1813 Ty Mawr, Lleyn, and other places:
‘Letter from R-----t J----s, T------n, September 15, 1813.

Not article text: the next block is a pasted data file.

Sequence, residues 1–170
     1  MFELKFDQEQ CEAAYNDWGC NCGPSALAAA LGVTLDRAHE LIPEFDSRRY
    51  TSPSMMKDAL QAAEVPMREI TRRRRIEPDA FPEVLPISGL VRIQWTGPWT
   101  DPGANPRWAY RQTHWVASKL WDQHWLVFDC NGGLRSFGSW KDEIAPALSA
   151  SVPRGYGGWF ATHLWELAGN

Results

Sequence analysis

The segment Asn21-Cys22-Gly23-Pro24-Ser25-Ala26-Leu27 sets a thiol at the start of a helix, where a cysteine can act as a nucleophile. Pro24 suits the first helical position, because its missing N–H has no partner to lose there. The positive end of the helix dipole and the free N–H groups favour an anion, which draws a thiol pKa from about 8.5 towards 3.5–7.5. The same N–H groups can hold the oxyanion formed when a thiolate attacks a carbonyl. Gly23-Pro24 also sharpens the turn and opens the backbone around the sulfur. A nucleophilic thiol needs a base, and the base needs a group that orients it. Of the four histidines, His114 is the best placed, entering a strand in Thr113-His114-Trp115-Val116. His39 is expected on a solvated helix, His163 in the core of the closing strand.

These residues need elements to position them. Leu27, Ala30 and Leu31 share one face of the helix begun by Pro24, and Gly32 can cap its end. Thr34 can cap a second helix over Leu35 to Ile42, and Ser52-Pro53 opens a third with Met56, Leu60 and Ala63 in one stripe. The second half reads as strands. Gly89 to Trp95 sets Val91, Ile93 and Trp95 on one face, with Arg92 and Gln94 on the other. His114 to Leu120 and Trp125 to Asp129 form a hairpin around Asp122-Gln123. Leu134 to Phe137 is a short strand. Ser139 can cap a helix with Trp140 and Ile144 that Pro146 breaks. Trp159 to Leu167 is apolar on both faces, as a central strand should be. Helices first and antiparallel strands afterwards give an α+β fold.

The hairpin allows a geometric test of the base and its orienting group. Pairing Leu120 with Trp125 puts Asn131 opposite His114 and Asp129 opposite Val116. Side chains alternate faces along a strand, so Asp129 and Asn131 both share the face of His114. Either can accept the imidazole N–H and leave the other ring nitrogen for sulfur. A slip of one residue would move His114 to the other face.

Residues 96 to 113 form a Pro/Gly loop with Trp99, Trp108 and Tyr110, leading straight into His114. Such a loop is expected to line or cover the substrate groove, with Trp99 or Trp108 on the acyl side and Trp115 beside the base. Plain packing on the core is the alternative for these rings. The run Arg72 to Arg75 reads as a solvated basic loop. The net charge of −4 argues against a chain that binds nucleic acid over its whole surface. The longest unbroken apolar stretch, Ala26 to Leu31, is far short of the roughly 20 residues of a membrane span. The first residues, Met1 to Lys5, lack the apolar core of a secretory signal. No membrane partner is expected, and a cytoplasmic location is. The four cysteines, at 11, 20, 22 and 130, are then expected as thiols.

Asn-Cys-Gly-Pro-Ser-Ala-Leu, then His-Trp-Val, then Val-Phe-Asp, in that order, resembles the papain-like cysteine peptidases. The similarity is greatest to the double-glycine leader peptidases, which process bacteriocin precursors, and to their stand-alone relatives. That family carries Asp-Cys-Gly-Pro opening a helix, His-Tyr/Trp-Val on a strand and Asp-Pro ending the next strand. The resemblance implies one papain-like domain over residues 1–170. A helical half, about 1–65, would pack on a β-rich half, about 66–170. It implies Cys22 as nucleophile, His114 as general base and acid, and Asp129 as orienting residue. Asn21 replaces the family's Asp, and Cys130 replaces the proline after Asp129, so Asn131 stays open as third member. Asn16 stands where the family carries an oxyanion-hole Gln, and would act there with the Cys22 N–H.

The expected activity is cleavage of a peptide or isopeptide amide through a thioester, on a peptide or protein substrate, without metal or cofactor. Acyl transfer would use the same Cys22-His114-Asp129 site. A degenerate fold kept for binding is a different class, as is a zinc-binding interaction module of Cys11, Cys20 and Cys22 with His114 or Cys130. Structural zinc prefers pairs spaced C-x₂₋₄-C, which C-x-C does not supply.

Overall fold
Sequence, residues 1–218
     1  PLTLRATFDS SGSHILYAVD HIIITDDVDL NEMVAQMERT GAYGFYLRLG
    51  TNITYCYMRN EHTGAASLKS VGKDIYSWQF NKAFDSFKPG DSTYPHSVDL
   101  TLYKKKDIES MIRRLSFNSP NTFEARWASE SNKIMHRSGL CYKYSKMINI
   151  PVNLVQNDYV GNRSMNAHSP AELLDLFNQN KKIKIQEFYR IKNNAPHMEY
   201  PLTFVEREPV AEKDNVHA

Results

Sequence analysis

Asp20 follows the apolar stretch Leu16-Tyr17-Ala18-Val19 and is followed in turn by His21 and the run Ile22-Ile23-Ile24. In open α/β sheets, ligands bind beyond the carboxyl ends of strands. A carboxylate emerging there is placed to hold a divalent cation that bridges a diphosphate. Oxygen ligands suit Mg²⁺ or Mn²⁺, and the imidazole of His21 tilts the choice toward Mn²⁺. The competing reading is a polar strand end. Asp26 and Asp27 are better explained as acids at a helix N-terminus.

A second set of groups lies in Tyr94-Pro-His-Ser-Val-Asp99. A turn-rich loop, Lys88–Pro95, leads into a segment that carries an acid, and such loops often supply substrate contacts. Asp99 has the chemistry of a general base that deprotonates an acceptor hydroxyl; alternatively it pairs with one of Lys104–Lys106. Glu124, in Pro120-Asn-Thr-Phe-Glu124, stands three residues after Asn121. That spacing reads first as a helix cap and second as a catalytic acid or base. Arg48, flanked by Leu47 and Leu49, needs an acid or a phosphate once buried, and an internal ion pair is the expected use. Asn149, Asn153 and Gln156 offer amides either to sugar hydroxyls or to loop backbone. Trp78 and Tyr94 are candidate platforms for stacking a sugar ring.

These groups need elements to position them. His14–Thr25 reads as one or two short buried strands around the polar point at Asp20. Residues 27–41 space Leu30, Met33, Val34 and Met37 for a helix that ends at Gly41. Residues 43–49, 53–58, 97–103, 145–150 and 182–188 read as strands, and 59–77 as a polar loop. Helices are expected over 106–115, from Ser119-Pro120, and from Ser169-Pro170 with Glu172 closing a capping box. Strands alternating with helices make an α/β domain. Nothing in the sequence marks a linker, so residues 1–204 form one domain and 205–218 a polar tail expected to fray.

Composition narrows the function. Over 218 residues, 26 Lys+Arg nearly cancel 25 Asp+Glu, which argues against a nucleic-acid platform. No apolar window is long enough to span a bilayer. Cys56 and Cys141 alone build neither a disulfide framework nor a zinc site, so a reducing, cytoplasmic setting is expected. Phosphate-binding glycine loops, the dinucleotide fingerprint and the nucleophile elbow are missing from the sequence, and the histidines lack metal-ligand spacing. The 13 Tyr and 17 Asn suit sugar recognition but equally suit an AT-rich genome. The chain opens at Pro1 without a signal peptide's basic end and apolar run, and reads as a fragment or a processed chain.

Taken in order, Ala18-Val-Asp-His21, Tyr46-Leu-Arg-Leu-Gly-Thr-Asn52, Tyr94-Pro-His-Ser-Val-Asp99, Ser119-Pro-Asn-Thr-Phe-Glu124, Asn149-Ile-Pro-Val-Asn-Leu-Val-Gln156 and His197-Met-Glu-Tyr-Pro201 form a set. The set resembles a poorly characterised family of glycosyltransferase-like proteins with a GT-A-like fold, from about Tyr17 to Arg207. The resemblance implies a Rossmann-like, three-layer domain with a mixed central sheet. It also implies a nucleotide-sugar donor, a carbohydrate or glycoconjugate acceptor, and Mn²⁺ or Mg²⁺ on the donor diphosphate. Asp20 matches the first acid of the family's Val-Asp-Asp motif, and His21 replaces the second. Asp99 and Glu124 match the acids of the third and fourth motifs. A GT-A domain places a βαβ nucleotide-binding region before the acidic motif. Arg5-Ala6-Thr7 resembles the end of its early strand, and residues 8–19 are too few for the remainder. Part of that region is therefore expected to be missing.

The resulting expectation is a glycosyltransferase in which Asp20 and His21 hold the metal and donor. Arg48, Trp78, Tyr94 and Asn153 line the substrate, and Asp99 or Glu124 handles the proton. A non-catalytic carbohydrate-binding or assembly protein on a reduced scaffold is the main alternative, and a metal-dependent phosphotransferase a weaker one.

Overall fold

The Lord has done something wonderful in our country in less than a year, there have been added to the church, between the two chapels of Clynog, over 130.—and in Llanllyfni about 90.—between Pen y graig and Ty Mawr, about 100, and as many in other places in the country. The Sabbath schools abound with scholars, and schoolmasters, many of which are diligent and faithful.’ [Robert Jones, Rhoslan (Ty Bwlcyn at the time), letter 15/9/1813 in Trysorfa ii, pp.520-1, cf. LTC iii. 488]